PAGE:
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Pitfalls to consider when choosing a UPS system

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The beginning of 2008 saw South Africa experience its worst power crisis in
the country's recent history, writes John Middlewick, channel manager at
Comztek.

Businesses and ordinary South Africans went in search for solutions to stay
afloat during these trying times and for many, UPS systems seemed like the
light at the end of the tunnel.
This was mainly because UPSs were positioned as a primary requirement for
one to survive this calamity. Indeed UPSs are an excellent solution when
consistent power is not guaranteed but there are other components to a
backup power supply system that are necessary to ensure that the system is
indeed foolproof.
When a UPS system is chosen as an alternative power system, it is important
to opt for a UPS from a reputable vendor as this is the heart of the system.
While a reputable brand guarantees a quality product, it also comes with
superior after sales service. As the demand for UPSs surged during the
earlier part of 2008, so did the influx of inferior products, many of which
are not well supported in South Africa. Purchasing a reputable brand offers
peace of mind at least at these two levels, i.e. product quality and
excellent after sales services.
In setting up their power solution, many organisations buy into the
misleading marketing promise that their UPS offers full protection against
power surges, which are typical after power cuts.
This, in many cases, is not true. Even though UPSs offer some surge
protection, it is only to a limited degree and any surge above this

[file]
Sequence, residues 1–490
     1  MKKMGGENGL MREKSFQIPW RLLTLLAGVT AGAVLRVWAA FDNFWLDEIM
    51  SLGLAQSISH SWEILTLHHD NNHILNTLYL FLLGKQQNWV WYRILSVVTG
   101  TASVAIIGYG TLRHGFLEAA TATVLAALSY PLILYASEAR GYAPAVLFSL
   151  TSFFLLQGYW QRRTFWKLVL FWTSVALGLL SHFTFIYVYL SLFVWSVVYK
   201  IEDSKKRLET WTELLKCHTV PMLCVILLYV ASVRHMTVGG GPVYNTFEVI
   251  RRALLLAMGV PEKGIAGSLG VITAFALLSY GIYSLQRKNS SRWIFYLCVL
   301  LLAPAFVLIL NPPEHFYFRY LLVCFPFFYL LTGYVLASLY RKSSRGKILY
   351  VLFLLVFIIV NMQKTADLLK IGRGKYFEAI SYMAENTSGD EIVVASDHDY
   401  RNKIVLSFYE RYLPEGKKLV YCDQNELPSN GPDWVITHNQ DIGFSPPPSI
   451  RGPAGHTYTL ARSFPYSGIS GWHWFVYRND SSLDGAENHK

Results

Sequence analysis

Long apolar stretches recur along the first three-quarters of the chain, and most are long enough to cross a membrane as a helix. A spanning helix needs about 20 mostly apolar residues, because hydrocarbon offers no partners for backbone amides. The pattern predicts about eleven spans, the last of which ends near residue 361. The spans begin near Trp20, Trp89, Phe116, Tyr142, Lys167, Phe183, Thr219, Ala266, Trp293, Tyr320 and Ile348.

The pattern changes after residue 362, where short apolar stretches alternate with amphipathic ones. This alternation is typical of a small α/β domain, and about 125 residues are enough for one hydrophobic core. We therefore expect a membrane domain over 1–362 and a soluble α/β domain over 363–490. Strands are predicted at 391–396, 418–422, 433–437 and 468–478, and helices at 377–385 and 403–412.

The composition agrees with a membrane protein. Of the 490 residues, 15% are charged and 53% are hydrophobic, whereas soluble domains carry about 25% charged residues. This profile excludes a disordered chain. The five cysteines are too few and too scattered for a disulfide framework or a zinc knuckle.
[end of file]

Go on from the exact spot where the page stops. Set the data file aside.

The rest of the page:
threshold will damage the UPS and possibly some of the equipment connected
to it.
To adequately protect the system, it is wise to invest in a dedicated surge
protector or conditioner. These come at a fraction of the cost of a UPS and
are designed to offer protection against high power surges.
Because of their ability to handle high voltages, many individuals and
organisations think surge protectors can protect them against any power
surge, including lightning strikes. Lightning can produce extremely high
voltages, which are often above the threshold of most surge protectors
currently available. The most common and effective method to ensure adequate
protection against lightning strikes is to make certain that one's building
or house is properly earthed.
Like most computer equipment, UPSs are purchased for the long run. Most UPSs
have batteries that promise a lifespan of about five years, but what is
often overlooked by buyers is the fact that these standards are set in
markets quite different from South Africa. A life span of up to five years
can be expected in areas where power cuts are a rare occurrence. Not when
power cuts occur twice or three times a week for up to four hours each time.
In such conditions, one can realistically look at a lifespan of about three
years, and even less in some cases.
To get this mileage out of a UPS, it needs to be serviced regularly, at
least once a year, and the battery checked on an ongoing bases. This can
easily be done as most UPSs come with built-in management software that
monitors battery life and alerts the operator of any faults.
Having taken these points into consideration, one can be assured of a backup
power supply that is reliable and will keep the light burning in times of
darkness.